“You can have it if you want it,” his mother said to no one in particular, handing us her ring. It looked in need to be polished. My fiance set that stone in the middle of a princess ring we chose together, and it came back beautiful. During this time, his father sends a copy of an email to him. He’s contacted a pastor friend for marriage counseling on our behalf: She’s a Catholic, She’s from a broken family… it reads. I learn that the way they return to you in the distance is steadfast; everything you’ve said is what you become. I string my wedding ring around my neck during the pregnancy of our firstborn, on a silver chain she brought from her house. I was swollen, making room inside myself that wasn’t there. Stretch marks would later remind me that I’d somehow made it happen. I would name my daughter after my mother-in-law, and we operate in bloated gestures like these through the years; stretch marks just the same; indicating that something good was once here, that sometimes registers as damage. I try desperately to rub out the stigma of Collateral when any of us begin to crossfire.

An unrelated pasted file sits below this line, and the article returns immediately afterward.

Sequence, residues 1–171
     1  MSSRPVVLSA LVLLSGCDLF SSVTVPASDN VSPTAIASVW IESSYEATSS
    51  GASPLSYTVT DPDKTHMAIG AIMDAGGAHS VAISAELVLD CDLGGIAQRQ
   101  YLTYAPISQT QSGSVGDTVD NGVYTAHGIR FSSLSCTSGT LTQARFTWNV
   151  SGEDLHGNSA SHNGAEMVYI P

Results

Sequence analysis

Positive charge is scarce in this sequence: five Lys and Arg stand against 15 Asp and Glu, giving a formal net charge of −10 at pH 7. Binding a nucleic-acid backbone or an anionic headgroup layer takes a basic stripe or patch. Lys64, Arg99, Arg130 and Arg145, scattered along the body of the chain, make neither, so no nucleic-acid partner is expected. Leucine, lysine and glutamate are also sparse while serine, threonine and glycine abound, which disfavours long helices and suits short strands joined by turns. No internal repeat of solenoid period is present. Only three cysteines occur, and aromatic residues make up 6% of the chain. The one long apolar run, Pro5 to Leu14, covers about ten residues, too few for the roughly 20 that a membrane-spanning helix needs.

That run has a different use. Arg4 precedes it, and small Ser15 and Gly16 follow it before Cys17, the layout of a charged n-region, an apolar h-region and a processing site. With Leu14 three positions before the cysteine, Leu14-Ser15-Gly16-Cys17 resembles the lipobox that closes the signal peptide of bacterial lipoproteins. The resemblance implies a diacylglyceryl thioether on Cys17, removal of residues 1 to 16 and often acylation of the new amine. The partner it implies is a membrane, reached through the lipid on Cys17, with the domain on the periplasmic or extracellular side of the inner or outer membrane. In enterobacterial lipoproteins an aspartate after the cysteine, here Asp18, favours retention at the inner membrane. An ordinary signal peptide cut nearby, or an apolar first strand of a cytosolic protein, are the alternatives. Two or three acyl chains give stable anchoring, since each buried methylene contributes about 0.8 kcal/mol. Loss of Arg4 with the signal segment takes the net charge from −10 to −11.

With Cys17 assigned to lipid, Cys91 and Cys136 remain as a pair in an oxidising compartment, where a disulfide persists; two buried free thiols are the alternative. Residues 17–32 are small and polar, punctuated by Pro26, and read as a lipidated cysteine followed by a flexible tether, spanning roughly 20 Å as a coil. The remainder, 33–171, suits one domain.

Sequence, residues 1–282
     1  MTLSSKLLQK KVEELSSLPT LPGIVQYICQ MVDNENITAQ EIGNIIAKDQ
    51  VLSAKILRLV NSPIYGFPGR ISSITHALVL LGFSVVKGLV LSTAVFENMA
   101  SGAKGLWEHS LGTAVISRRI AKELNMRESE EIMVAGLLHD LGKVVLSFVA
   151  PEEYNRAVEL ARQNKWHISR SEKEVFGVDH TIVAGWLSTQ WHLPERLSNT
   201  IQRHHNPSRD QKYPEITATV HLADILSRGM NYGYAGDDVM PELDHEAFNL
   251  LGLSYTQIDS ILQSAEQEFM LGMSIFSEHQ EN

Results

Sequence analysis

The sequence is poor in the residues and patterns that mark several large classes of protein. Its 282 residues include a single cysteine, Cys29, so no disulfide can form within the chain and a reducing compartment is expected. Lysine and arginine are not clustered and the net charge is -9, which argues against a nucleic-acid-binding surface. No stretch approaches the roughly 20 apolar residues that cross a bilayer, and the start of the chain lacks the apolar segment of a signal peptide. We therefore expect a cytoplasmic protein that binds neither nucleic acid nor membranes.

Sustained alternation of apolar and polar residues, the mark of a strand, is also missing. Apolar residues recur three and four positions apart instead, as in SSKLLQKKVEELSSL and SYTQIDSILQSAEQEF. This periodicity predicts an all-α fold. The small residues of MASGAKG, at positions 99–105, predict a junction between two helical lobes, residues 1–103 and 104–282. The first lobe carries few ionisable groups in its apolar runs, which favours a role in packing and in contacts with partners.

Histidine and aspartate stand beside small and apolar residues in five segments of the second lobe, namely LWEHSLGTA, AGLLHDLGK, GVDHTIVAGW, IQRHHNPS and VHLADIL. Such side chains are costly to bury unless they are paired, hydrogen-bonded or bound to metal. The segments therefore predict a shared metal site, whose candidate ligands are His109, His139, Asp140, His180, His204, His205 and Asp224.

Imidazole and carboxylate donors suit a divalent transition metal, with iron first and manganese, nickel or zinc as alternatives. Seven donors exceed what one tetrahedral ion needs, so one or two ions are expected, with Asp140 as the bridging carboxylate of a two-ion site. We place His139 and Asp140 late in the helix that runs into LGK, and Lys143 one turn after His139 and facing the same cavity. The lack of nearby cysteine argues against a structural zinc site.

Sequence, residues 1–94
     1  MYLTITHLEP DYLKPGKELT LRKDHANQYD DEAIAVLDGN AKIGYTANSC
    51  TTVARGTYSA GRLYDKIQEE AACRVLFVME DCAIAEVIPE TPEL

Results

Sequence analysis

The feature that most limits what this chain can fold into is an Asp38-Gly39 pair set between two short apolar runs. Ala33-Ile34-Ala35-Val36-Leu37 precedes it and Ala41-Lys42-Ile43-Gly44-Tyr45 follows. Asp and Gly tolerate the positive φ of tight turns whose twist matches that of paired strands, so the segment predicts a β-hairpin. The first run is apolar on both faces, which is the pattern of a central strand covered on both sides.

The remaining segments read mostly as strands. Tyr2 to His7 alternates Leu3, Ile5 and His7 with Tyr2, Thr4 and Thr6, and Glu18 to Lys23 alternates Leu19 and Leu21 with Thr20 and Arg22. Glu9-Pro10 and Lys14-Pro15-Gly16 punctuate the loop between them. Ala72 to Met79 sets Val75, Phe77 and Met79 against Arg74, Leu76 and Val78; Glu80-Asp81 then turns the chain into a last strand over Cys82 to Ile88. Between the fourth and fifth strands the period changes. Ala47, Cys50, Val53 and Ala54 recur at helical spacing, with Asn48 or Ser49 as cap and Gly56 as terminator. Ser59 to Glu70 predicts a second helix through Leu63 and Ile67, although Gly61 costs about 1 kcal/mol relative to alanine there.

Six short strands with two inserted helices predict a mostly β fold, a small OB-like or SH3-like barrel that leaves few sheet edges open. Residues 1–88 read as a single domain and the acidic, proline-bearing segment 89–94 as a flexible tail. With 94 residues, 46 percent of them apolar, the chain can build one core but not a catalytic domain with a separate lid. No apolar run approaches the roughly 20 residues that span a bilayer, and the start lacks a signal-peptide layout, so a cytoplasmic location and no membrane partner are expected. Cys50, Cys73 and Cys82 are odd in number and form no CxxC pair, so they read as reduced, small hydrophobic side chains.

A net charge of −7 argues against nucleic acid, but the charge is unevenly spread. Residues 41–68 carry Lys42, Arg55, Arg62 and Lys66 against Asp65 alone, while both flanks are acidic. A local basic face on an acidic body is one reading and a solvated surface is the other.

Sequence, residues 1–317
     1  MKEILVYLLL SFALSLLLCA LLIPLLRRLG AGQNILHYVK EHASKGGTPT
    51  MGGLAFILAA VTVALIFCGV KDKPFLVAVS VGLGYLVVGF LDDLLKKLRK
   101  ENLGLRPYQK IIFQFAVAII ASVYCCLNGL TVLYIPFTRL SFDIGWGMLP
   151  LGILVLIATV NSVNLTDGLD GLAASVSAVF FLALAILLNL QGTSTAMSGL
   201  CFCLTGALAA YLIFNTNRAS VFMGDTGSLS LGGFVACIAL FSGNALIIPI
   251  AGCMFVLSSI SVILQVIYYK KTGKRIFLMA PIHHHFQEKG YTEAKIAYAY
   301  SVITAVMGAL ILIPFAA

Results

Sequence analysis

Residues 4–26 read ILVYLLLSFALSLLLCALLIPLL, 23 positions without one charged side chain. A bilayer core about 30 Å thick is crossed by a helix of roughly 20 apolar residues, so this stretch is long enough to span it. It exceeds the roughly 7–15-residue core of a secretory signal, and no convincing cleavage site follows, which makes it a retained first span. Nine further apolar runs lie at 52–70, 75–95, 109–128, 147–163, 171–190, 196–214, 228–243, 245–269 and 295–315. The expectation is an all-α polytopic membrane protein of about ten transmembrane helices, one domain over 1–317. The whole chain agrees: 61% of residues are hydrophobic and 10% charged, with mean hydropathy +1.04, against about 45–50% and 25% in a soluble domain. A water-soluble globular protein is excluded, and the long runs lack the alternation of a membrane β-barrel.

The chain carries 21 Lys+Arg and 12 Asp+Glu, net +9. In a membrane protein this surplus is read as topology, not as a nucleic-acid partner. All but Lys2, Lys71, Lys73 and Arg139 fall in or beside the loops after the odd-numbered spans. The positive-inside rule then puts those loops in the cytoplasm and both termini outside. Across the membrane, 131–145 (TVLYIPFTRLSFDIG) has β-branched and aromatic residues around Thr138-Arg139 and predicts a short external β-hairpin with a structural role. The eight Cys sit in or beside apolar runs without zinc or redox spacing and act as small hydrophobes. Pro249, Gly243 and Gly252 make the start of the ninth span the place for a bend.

His parents squirm when they come back to visit in the thick of it. They talk loudly through the baby crying, in thin conversation: the weather, sports, their jobs- but never my motherhood. My husband tells me I’m in the teenage years with his parents- I’m too emotional, I expect too much: I need to accept them as they are. At times this feels like an impossible application to consider with absolutely no outside help. “If you’re so miserable staying at home, then why are you doing it?!” she’s snapped. It’s sad to me that she views the act of trying in this way. And while it’s true that I clearly struggle, she says it pushing the baby back at my hip and I wobble in postpartum stitches to tend to him. Nana doesn’t change poopy diapers. She doesn’t deal in the Shit. My husband says it’s typical; she’s been a smoker since fourteen; she has many vices to curb the growing pains. She doesn’t show them though, instead ducks in corners and basements, thinking I don’t see her life in a cloud of smoke and mirrors. It occurs to me there are two ways to approach a handicap: If a quack tells you there’s a slim chance that you will walk, you either choose to believe the break will heal stronger or that you don’t have legs to stand on. I know I’m going to walk away fortified, even though it fucking hurts in the beginning. My children will see me crawl before we stride, but we do it together; become an Us. The next visit we will travel back home to Them.